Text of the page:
It's not often that I quote the Bible. Or fall off my bike.
I'm old and cautious. My bones heal more slowly than they used to. Plus, I would surely perish if I couldn't ride my bike and play golf. So it had been decades since I've had a major bike mishap.
The last one I remember: Getting hit in the ass by a protruding California mirror on an RV. Central Expressway, Sunnyvale, California. 1985. Bell helmet probably saved my life. The one with the real skinny straps, can't remember the model name.
And never any major endos on a mountain bike. I'm an Intermediate mountain biker at best, and I know my limits. Always willing to walk down, or up, anything I don't think I can handle.
Lennard Zinn fitted me to a new mountain bike a decade or so back. Put on the adjustable stem, fiddled around, and pronounced me dialed in.
"Jeez, Lennard, it feels a little short still."
"Well Ray, you really don't want to be any farther forward or you might go over the bars."
"Uh, Lennard, I don't go over the bars."
Well, I finally did, on Saturday, August 18th. In Steamboat Springs, Colorado, coming down the Spring Creek Trail. There's a name for what I was doing at the time, I found out from a friend later. It's called a Chick Chase.
Spring Creek is a six-mile climb up a drainage, and the same trail descending back down. Riding with younger and fitter friends Todd, Jennifer and Jenette, I knew I wouldn't keep up with them on the climb.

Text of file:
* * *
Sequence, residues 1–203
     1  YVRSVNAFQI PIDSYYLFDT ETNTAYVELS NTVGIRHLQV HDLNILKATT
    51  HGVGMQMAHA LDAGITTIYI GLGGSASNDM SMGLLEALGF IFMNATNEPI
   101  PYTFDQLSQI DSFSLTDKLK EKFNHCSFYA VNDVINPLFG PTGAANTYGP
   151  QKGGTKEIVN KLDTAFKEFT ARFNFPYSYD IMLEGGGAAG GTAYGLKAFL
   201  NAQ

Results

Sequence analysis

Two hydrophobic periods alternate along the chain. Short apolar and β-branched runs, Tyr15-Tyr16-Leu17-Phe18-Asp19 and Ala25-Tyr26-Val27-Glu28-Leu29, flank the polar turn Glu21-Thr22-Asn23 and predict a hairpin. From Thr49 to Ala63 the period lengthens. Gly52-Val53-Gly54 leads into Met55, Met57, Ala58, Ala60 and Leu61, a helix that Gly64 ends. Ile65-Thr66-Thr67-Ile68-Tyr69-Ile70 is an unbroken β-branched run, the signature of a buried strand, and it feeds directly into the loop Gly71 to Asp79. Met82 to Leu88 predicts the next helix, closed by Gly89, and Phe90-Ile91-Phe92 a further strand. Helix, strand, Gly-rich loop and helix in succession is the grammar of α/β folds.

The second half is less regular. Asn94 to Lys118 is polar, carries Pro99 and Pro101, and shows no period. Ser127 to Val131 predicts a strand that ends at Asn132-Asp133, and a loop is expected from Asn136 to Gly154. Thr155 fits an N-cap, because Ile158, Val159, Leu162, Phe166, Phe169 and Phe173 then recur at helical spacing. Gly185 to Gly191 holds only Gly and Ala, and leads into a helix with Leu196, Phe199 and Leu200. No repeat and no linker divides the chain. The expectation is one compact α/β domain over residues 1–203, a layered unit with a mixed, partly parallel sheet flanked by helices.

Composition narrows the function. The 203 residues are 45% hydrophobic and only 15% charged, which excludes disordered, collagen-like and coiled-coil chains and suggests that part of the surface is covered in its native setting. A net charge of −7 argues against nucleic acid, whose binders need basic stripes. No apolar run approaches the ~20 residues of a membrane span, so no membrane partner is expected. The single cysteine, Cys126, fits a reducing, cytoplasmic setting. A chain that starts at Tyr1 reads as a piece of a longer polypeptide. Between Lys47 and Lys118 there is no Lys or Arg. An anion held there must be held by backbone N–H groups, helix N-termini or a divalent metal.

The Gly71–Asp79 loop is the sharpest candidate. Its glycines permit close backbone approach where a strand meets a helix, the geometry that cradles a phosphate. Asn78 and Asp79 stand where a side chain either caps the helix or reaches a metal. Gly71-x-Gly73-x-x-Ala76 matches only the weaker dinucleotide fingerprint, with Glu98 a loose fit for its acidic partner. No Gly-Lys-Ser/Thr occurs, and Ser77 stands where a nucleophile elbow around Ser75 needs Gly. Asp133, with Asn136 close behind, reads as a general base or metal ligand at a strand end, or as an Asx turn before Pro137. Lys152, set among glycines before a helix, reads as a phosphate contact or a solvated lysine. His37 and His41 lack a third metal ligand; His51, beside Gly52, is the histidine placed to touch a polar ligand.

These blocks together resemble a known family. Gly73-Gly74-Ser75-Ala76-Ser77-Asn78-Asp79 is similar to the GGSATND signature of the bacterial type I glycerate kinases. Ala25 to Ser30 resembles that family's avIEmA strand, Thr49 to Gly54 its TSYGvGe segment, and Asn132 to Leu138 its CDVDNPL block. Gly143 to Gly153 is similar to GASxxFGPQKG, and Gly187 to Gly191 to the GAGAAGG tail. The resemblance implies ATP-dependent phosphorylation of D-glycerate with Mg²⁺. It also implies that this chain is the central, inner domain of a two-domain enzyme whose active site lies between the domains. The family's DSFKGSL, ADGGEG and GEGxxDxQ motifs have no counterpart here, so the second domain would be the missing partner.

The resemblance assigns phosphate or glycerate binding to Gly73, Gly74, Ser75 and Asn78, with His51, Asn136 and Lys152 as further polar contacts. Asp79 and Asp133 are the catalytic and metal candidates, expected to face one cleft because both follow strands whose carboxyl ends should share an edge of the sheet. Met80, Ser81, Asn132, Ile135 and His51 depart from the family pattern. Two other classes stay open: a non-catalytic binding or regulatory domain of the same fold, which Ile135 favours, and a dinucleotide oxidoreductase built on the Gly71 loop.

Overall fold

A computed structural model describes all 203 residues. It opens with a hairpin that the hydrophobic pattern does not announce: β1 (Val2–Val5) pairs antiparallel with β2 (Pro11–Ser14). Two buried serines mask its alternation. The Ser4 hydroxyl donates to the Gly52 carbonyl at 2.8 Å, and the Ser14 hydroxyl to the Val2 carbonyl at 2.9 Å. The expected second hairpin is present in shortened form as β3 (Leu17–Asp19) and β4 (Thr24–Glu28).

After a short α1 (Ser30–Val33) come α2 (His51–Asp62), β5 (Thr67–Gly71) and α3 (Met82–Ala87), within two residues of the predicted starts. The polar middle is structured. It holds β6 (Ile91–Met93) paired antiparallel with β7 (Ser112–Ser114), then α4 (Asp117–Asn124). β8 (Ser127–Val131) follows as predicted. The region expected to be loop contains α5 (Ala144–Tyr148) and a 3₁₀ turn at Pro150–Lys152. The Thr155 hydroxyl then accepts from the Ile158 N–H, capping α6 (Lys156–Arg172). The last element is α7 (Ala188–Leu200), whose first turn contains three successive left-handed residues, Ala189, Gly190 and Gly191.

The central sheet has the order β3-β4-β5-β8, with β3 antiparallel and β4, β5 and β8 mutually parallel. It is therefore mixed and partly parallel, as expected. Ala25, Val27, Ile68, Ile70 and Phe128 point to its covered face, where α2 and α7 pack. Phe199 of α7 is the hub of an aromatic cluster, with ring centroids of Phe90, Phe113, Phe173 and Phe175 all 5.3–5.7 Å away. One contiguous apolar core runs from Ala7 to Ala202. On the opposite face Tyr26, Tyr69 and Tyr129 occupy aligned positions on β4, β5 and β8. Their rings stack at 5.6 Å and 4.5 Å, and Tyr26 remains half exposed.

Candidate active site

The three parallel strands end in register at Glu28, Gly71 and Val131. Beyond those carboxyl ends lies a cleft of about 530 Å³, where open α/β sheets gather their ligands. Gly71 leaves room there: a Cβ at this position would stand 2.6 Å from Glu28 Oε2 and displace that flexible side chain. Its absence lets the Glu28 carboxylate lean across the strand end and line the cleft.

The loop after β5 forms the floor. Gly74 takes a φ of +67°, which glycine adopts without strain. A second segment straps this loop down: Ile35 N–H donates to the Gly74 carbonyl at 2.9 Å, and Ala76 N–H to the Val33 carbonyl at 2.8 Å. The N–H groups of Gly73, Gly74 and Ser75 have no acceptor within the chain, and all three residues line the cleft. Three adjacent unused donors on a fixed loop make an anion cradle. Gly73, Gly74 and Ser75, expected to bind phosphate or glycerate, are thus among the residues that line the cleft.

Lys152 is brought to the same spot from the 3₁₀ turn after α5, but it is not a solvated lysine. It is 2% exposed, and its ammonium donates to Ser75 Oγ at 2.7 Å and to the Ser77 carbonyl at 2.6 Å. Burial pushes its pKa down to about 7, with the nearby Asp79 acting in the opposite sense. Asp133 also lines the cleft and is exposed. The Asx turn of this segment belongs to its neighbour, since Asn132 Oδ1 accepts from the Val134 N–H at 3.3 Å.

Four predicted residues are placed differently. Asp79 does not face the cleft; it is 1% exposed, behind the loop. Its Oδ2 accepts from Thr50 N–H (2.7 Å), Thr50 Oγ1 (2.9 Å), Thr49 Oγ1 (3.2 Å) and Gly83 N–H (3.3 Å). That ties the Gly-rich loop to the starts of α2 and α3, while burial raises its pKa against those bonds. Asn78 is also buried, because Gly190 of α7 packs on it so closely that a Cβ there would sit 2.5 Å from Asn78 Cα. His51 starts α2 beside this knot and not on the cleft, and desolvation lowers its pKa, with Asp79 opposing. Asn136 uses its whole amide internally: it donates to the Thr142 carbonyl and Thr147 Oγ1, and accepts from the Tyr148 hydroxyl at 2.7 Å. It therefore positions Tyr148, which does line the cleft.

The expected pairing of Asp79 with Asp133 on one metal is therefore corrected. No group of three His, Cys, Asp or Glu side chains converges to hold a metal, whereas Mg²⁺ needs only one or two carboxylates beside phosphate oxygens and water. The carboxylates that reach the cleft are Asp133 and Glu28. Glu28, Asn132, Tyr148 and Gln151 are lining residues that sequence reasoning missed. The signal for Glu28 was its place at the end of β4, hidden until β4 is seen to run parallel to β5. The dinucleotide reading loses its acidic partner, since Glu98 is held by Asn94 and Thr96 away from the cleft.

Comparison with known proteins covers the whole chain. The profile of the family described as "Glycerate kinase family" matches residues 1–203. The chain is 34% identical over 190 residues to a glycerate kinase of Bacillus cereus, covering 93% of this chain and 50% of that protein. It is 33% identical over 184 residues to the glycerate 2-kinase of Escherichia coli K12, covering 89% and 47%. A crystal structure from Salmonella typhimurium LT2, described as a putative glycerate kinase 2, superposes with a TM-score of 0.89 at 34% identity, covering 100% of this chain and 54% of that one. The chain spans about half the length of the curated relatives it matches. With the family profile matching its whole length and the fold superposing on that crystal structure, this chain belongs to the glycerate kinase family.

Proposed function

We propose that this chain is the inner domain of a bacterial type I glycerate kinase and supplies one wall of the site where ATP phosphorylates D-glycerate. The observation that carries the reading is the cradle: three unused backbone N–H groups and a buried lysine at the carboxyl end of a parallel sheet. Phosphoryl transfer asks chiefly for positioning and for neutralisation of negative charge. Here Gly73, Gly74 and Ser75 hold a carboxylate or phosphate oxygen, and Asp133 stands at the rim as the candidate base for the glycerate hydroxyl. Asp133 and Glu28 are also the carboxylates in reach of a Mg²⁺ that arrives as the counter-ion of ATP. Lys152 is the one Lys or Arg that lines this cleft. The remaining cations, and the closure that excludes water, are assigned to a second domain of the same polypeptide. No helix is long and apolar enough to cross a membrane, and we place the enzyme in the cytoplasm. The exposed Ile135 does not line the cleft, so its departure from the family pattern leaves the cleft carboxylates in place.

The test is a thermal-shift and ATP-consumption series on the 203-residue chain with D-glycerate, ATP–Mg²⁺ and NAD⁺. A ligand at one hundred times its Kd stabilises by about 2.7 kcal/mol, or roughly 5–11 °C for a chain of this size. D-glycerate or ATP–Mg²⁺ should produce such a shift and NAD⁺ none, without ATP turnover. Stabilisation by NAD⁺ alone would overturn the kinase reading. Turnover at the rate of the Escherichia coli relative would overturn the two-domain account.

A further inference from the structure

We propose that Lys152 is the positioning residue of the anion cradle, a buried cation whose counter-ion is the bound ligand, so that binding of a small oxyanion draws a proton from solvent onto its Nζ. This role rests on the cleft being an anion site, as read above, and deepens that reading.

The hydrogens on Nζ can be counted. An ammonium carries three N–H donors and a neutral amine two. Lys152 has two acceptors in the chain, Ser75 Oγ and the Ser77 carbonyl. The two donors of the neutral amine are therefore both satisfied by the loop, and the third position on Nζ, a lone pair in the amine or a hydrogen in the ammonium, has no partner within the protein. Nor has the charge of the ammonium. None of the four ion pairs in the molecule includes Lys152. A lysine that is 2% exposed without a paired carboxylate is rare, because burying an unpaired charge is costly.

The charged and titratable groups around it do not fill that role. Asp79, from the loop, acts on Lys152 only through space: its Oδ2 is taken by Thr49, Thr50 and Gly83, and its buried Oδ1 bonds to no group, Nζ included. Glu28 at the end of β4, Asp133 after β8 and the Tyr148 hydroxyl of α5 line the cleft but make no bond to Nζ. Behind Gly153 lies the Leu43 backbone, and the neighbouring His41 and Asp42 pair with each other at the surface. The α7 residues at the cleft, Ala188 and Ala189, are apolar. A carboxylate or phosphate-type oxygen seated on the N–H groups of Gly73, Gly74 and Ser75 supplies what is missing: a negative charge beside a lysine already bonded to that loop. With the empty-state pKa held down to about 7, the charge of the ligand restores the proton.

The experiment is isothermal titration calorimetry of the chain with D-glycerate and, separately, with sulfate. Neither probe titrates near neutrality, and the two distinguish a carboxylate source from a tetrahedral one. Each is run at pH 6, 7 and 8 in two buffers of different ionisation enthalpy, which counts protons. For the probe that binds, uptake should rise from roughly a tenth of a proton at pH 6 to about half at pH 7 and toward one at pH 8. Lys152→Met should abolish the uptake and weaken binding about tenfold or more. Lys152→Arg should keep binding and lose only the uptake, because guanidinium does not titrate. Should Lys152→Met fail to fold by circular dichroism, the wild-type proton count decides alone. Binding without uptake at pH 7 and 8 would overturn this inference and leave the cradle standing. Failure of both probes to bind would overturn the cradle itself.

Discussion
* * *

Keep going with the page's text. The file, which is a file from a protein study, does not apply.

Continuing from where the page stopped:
When we turned back down to descend, I found myself thinking, "Dangit, I certainly have gravity on my side, there's no reason I can't at least keep up with the women!" Chick Chase.
It turns out there WAS a reason. They're better bike handlers than I am. About a mile into the descent, I went off the single-track, into a ditch, and over the bars. My separated shoulder is healing nicely, with ice, ibuprofen, PT and sympathy.
So the lesson learned: It's good to get better. To challenge yourself just a bit, set the bar a little bit higher, improve whatever you're doing at every opportunity.
Just don't let your pride take over from your common sense. And don't try to keep up with former Pro racers on a hairy descent! Whatever their gender.
Or prepare for the slings and arrows of outrageous fortune. Mostly, the slings.